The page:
A big green salad loaded up with precooked proteins; chunks of juicy, tangy fruit; cool, crisp vegetables; and a bright, creamy dressing is just the kind of hearty, low-effort meal that I want to make and eat when it’s too hot to do any real cooking. The prototype that always comes to mind is a chef’s salad, but frankly I could do without the cold cuts and characterless greens. In fact, I knew that with a bit more effort and imagination I could riff on the minimal cooking/maximum sustenance model and come up with all kinds of combinations that were equally substantial but far more dynamic and flavorful.
After a couple weeks’ worth of salads, I had a diverse trio featuring one with cooked chicken, mango, and broccolini drizzled with a spicy peanut dressing; another with hot-smoked salmon done up deli platter–style with hard-cooked eggs, capers, and dill; and finally a meatless combo of pan-seared halloumi, chickpeas, and crunchy pickled cauliflower florets. More important, I also came away with a number of basic salad‑making principles—a blueprint of sorts that helped me identify not just why these particular combinations work well but also how the ingredients I might already have on hand could be put to use in other nutritious, vibrant, flavor-packed salads.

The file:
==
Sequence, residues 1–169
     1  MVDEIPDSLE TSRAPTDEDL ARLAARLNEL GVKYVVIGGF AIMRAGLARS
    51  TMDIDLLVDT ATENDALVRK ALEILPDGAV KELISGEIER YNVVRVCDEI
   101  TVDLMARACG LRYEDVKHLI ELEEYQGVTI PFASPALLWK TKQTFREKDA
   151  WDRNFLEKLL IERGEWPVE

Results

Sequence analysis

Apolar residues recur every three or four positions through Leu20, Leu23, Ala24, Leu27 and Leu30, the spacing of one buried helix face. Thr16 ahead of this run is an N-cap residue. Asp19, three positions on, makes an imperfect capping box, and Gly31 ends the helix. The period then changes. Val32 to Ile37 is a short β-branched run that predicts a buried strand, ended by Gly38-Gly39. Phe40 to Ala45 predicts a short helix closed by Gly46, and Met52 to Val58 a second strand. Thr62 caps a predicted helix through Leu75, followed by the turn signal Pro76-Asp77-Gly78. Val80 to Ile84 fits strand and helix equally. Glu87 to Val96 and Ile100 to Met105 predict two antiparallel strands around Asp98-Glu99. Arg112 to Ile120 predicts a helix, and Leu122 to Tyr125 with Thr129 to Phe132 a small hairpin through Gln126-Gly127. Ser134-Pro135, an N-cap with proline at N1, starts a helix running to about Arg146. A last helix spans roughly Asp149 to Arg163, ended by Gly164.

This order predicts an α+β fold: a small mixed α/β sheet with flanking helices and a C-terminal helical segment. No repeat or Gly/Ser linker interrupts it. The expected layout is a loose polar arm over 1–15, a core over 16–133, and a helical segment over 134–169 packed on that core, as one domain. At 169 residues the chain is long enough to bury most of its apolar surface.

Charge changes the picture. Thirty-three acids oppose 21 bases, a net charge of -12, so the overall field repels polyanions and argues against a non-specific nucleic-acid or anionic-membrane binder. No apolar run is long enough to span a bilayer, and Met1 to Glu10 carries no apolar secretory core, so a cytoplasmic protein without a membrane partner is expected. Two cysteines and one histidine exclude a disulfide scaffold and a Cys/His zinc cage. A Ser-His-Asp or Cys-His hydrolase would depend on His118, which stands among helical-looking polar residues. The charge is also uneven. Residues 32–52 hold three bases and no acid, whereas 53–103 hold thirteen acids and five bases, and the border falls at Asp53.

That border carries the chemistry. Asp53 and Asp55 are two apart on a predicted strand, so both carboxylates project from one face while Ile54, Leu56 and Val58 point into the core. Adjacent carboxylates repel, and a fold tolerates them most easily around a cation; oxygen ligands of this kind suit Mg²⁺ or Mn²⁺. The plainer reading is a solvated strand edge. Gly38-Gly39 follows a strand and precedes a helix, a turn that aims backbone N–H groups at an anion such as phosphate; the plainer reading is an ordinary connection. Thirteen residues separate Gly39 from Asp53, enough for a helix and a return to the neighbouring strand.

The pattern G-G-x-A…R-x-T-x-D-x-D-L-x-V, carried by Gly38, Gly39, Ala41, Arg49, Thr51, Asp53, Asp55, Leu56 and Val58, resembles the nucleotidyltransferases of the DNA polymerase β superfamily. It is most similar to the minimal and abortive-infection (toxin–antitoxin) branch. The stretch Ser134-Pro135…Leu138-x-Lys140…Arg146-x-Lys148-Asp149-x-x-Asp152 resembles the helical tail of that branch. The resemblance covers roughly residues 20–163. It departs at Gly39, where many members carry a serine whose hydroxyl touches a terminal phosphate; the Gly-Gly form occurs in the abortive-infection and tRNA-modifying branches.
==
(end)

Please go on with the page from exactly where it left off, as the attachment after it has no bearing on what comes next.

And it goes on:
Blueprint for Super Salad
Follow these best practices for combinations that are substantial, nutritious, eye-catching, and full of flavor.